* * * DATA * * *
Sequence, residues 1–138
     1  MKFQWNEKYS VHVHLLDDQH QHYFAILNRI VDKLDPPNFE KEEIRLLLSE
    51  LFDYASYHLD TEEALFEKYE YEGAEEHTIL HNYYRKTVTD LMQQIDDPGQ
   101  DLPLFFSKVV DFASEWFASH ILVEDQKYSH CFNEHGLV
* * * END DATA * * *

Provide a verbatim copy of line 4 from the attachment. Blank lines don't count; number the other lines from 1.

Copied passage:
   101  DLPLFFSKVV DFASEWFASH ILVEDQKYSH CFNEHGLV